A property in Florida was acquired for $50,000. It is free and clear and now worth $100,000. The property taxes are $3,000 per year ($250 per month). The insurance, utilities, etc. are somewhere in the area of $200 per month. On the surface, $450 per month is a pretty reasonable living expense, although you must add in the ongoing maintenance and upkeep. However, to be totally accurate you must add in the income producing value of your $100,000 equity at some reasonable interest rates.

The real cost to live in any free and clear (unencumbered) property must include a reasonable rate of return of the equity involved, plus the actual hard expenses (monthly out of pocket and maintenance), which are always substantially higher than you think.

SUMMARY

While very few of us own million dollar properties, and these examples may not address the specific dollar value of your specific property, the rationale remains the same.

Without proper planning and professional real estate advice, mature clients are extraordinarily vulnerable at crisis decision-making time. If you evaluate your individual situation in advance of the time of sale, then whether you sell for cash or use some form of creative financing, you will have the best situations and tools available to minimize your liabilities.

All in all, with the proper planning, there are tremendous tax and positive cash flow benefits available to all who acquired property in the last twenty-five to fifty years. You’ve gone through the traumas, the difficulties, and the sleepless nights to make sure that your properties were cared for and paid for. When the time comes to sell your residence or income property, doesn’t it make good sense that you analyze, evaluate, and seek a competent professional before you make any decisions? Whether you’re going to sell in six months or six years, having a plan makes it so much easier.
 

THE 8 QUESTIONS MOST FREQUENTLY ASKED BY OVER 50 PROPERTY BUYERS

1. I’ve decided to sell my home. Should I rent or should I buy another home?

Whether maturing sellers should rent or buy their next home is not only an emotional decision, but also largely a question of economics. The most important financial factor that comes into play is determining the highest and best use of the cash you receive from selling your home. Many times, tying up a lot of cash as equity in a home does not provide the best cash flow.

The question to ask yourself is: Do I have sufficient cash flow from other sources such that using the equity from my current home to buy my next home will be an acceptable financial decision? If the equity in your current home represents a substantial portion of your assets, how you use these funds is very important in determining your quality of life.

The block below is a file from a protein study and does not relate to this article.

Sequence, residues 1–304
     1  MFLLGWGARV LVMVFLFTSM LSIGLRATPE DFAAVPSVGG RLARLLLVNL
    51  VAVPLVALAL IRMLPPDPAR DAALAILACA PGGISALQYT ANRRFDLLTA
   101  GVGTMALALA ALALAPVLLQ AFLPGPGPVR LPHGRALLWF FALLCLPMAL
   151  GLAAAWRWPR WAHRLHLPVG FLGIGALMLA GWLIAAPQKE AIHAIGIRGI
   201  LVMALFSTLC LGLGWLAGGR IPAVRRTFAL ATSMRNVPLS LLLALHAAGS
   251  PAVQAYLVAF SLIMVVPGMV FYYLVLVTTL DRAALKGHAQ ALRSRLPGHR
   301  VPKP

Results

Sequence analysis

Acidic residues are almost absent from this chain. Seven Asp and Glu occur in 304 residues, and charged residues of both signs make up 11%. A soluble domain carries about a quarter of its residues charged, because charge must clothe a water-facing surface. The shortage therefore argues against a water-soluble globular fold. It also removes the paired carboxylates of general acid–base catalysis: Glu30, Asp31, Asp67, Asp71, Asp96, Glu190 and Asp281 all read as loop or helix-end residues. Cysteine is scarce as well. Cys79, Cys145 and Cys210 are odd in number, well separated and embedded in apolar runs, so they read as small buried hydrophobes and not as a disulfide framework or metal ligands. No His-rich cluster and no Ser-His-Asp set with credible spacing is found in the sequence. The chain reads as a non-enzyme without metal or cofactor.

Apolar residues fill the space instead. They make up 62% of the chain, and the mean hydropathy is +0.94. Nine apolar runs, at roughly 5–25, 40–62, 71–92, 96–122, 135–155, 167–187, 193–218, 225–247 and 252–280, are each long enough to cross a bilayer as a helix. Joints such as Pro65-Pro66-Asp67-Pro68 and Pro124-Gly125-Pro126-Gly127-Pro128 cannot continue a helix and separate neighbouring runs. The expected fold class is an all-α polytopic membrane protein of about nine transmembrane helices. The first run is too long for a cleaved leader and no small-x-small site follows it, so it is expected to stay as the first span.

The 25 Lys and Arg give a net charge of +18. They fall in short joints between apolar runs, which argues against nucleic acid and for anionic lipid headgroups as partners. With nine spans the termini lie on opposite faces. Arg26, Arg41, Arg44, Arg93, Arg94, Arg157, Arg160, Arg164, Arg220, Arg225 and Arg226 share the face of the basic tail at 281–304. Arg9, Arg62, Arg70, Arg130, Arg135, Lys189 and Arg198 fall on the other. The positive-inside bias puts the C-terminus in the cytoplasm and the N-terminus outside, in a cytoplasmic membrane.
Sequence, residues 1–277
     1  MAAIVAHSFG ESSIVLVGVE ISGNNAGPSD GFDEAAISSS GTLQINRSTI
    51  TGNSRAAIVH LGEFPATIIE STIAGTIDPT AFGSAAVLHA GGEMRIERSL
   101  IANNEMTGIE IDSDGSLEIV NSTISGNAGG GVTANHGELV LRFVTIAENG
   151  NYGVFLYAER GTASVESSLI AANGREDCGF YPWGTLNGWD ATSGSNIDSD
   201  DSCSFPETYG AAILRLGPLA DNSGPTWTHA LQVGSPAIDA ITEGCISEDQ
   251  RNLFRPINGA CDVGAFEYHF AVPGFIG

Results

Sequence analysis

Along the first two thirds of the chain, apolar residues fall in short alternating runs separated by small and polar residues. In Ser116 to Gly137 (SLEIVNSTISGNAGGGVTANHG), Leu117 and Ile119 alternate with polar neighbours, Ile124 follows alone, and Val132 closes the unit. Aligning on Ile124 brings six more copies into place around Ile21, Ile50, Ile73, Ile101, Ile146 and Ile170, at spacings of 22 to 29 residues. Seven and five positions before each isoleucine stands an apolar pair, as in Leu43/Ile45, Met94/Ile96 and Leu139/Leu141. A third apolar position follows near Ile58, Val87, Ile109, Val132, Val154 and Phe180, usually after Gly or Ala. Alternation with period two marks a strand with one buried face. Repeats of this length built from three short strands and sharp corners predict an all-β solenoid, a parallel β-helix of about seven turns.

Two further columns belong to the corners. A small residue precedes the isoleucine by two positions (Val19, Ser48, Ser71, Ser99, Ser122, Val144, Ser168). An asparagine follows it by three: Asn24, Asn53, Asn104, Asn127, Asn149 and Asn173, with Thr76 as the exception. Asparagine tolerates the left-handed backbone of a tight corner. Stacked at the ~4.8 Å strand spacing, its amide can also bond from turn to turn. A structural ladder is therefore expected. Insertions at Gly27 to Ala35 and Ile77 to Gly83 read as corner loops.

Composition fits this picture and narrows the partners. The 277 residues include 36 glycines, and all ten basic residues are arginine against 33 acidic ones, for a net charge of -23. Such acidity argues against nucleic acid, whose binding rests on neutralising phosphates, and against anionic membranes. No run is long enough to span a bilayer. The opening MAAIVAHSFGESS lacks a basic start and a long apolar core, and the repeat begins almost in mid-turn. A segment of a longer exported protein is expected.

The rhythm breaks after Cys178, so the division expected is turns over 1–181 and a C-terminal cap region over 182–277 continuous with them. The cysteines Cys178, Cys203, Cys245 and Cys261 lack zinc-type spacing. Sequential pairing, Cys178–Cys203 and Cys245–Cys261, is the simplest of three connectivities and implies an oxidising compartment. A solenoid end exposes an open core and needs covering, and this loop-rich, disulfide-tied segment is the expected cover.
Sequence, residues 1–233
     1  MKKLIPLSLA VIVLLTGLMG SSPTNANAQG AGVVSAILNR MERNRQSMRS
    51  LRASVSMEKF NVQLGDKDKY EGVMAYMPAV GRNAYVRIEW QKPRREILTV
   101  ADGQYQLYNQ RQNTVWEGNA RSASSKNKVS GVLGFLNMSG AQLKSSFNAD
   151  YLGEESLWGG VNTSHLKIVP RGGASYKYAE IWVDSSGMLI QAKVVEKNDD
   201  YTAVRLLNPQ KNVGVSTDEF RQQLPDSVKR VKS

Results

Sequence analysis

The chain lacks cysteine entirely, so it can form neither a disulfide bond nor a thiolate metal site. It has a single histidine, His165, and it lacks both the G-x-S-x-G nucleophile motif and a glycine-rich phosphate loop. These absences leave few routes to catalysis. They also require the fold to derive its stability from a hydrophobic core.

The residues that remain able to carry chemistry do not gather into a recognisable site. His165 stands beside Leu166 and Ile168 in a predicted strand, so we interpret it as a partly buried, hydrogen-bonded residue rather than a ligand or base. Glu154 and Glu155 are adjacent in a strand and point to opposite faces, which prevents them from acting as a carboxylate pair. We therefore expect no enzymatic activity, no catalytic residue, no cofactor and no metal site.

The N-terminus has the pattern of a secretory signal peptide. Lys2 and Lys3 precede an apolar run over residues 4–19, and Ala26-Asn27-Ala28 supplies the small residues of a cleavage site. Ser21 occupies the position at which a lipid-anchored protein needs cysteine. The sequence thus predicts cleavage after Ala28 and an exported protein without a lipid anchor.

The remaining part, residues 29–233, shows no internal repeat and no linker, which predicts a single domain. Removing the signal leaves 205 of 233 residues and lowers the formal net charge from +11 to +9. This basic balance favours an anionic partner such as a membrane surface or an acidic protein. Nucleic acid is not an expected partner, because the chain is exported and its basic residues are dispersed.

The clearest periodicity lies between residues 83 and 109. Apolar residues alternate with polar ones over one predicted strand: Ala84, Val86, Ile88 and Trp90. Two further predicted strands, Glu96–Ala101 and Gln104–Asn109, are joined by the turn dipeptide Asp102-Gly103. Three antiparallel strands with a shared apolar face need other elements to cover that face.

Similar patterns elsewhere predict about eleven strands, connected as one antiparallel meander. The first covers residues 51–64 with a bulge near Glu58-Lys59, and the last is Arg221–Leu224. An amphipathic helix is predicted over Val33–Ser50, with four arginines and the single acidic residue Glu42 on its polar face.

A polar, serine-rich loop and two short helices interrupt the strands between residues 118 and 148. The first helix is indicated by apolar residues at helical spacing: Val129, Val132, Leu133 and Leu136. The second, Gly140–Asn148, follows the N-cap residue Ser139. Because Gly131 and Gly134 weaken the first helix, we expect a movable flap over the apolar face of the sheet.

To understand how this works, consider what I call the “Cheap Living Myth.” One of the most commonly uttered phrases by senior homeowners is, “Our mortgage is paid off, so it’s really cheaper for us to keep living in our home than it would be for us to rent a home.” Most seniors honestly don’t know they might be able to rent an equally nice home in the same neighborhood and pocket thousands of dollars in extra cash every year.

Suppose a senior’s home has a market value of $200,000, and she is spending $700 a month for taxes, property insurance and utilities. If she had that $200,000 in cash and invested it at 5 percent interest, she would earn an extra $10,000 each year. Divided by 12, that’s an extra $835 each month. Add that to the $700 she’s paying out-of-pocket and the true economic cost of living in her home is $1535 a month. Consider another example: Suppose a senior’s home had a market value of $100,000, and she was spending $500 a month for taxes, property insurance and utilities. If she invested $100,000 at 5 percent interest, she would earn an extra $5,000 each year. Divided by 12, that would be an extra $416 each month. Add that to the $500 she’s paying out-of-pocket, and the true economic cost of living in her home is $916. If the monthly rent for a comparable home would be more than that amount, this senior would be economically better off remaining in her home.

2. Is there a simple rule of thumb I can use to decide whether I should buy or rent my next home?

Advanced courses in real estate economics use a “two-thirds/one-third” rule. The first two-thirds of most people’s lives are spent acquiring and leveraging assets while the last one third of most people’s lives is spent earning income (i.e., generating cash flow) from those previously acquired and leveraged assets. So, people who used to figure they would live to be 60, 65 or maybe 70 years old would acquire and leverage assets until they were 45 years old. Then, from that time forward, they would try to generate income from those assets. People who, today, figure they will live to be 90 years old, say, could be acquiring and leveraging assets until they are 55 or 60 years old. After that, they can start buying income property that generates cash flow. It may not be prudent for someone who is 75 years old or older to purchase additional property unless it’s located in some type of assisted care living situation.